You can romanticize not needing sleep all you want, but deep down you know better. You thought you were the cool party girl, but recklessly spending over $1,500 in less than a week on drugs and alcohol is anything but cool. Plus, during these all-nighters, you couldn’t stop your thoughts from racing and had only anxiety-inducing panic attacks to greet you in the morning. You might’ve thought you were being productive and creative like the “crazy artist” trope you identify with, but in reality, all you had were “amazing” ideas combined with a mind so scattered you were unable to accomplish anything. That wasn’t creativity.

These feelings of euphoria may seem amazing at the time, but you know they have devastating effects on your wallet, on your body, on your overall mental state. It’s like you’re borrowing happiness from your future self. Being manic means the crippling depression is just around the corner. Stability may seem boring and routine may get stale, but it’s what you need more than anything right now.

Going into a manic state isn’t the way to get over your depression. I know taking medication and going to therapy seem like lost causes, but they can only help you. Happiness may seem like an impossibility right now but being manic won’t fix that. You don’t miss your mania; you miss feeling alive. One day this fog will lift and you’ll feel alive once more — this time, without leaving a path of destruction in your wake.

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Thinkstock photo via tatyana_tomsickova.


I paint self-portraits when I am battling my mental illness. Some are realistic, like on my good days. Most of the portraits depict aspects of my illness. I recently went through my portraits and found pictures of the stages of my mental illness. So here is my version of bipolar disorder, generalized anxiety disorder (GAD), dissociation and psychotic episodes.

Brokenness

I have painted many faces like this one — all lines and abstract shapes, some in color, some black and white. I paint these faces when I feel only emotion and am unable to speak. I feel broken and hurt. Sometimes it’s not safe to speak or show my self. I paint these faces to show the pain I feel inside.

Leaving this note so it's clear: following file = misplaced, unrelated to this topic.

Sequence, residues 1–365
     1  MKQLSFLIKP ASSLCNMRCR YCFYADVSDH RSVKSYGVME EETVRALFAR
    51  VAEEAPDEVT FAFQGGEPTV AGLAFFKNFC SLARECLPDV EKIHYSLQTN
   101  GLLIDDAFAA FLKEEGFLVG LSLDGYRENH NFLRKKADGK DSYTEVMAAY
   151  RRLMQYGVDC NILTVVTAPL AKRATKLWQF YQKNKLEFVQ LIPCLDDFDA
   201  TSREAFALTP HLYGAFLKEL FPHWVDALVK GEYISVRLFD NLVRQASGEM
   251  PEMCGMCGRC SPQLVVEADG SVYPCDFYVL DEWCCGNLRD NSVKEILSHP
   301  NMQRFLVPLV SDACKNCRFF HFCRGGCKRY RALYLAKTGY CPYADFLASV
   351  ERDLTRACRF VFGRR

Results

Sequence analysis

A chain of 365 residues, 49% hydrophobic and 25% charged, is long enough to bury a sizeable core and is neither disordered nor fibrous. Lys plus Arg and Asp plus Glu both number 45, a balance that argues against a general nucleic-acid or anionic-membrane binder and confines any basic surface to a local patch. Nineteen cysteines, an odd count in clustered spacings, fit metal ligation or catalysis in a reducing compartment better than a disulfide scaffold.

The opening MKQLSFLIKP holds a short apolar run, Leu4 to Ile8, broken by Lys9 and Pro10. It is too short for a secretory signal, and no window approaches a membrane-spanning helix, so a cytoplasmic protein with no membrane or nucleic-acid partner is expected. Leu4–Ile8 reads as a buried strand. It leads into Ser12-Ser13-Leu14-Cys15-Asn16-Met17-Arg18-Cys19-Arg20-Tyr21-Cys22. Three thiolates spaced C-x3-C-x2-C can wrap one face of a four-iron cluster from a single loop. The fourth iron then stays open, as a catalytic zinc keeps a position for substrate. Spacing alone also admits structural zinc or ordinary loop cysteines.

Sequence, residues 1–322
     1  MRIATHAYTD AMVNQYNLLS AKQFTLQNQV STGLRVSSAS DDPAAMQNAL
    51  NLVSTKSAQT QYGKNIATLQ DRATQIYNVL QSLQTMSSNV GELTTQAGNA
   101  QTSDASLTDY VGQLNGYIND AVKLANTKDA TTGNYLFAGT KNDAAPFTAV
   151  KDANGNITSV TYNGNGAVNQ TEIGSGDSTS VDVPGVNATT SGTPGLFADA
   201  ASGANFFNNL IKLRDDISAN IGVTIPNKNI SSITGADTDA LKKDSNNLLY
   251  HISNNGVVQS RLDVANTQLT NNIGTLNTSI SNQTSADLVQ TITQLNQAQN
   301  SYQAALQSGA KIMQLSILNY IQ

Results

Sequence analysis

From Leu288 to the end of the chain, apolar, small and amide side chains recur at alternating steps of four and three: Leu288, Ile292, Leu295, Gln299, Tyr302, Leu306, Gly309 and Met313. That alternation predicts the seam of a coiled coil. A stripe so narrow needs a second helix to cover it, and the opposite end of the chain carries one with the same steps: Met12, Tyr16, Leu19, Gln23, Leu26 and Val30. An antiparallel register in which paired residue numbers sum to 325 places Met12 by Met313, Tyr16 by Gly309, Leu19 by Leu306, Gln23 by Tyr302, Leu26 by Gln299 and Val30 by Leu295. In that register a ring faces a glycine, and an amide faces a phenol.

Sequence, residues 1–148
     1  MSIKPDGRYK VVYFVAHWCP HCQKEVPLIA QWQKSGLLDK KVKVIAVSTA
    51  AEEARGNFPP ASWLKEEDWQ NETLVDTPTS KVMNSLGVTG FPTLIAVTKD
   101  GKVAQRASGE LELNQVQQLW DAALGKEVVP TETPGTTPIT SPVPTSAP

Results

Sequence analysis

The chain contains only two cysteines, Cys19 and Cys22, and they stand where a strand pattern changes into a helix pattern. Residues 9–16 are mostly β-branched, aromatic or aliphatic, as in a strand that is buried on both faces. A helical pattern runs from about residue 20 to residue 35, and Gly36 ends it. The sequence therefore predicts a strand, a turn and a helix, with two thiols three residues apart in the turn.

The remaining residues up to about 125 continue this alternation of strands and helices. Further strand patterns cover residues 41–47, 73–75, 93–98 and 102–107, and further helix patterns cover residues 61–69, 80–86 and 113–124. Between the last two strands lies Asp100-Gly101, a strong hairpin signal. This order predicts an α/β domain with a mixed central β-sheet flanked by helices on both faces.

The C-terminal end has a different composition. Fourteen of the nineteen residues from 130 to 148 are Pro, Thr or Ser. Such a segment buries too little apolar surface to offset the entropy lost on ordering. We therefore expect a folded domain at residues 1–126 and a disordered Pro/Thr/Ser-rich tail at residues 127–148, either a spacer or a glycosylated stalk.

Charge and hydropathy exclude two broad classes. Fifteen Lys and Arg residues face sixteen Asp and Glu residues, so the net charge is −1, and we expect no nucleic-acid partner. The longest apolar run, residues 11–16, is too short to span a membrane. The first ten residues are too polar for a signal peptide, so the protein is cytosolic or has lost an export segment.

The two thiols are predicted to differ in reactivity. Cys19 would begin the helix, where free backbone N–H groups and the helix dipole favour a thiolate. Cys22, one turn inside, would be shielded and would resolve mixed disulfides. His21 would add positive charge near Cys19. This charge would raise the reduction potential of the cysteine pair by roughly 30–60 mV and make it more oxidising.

Brokenness portrait

Depression

I don’t often paint while depressed. I feel weak and have so little energy. Creativity doesn’t flow. But in this painting, I am rising from a long battle with depression and anxiety. My mental illness is behind me and in front of me. But I still stand and look ahead to the future.

fighting through depression portrait

This is another painting created as I was coming out of depression. I felt lost. Everything was the same shade. I wanted to feel something. I used sand in the paint to give it a gritty texture. The paint felt real and powerful as I laid it on the canvas with thick strokes. I was lost in the background, but I was still there. I kept my voice.

rising from depression portrait

Anxiety

My anxiety was thick within me. I was angry. I wanted to carve into the canvas, to destroy it in order to express the overwhelming anxiety and frustration I felt. I painted in red. I was angry with how the painting ended, but it felt real and complete somehow, so I left it and moved on to another canvas.

anxiety anger portrait

Mania

When I am manic I have a million ideas at the same time and my mind is spinning frantically as the emotions chase after. I created this collage in a frantic, feverish state of mind, dancing around my apartment and flipping between anger and euphoria. Finally, after eight hours, it was finished and I collapsed with exhaustion.

bipolar mania portrait
This painting followed the other. I became even more frenzied. I painted thickly on the canvas, mixing the paint with gritty sand, not patient enough to blend colors. The colors weren’t right and I kept getting angrier, but I couldn’t stop. I painted a dark face and then covered it with parts of comic books. The strong intensity of the comic heroines felt right. They felt powerful and intense, like my manic self. I kept switching between loving and hating the collage, wanting to destroy it and then frame it. I kept pacing around the room. Finally I decided it was done. It had been hours of art-making with no breaks for food or rest. I was exhausted and finally rested, trying to get something to eat.

mania 2 portrait

Inner demons

I feel something self-destructive inside of me. I feel forces inside me that want to destroy me. When I look at them too closely I get frightened. I painted this while feeling intense anger and anxiety. I didn’t like looking at this face. So I quickly painted over it.

anger portrait

The face I wear

I painted this blank, safe face on top of the last face, to hide the inner turmoil I felt. I can make my face blank and be peaceful and no one will know my inner struggles. This face is safe, but she feels empty since she is hiding so much inside.

mask portrait

My two selves

This depicts my inner and outer self. My outer self on the right, is polite and refined. She is nice and knows what to do to get along in life. My inner self has tumult and chaos, the raging storms of bipolar disorder, the emotions and anxiety, all of the swirling thoughts that fill my head. Yet the inner self feels very alive and interesting. The outer self is kind of boring.

face divided

Psychotic episodes

Sometimes I hear voices. Some are good and some bad. This painting/collage shows me distressed by all the voices I hear, looking to the sky for some peace.

psychotic episode

Flashback

Sometimes things trigger memories and I become a former self. Suddenly I am 14 again or 20 or eight. I see myself in the small box of the memory. Like the self depicted here. She doesn’t look much like me but that’s OK.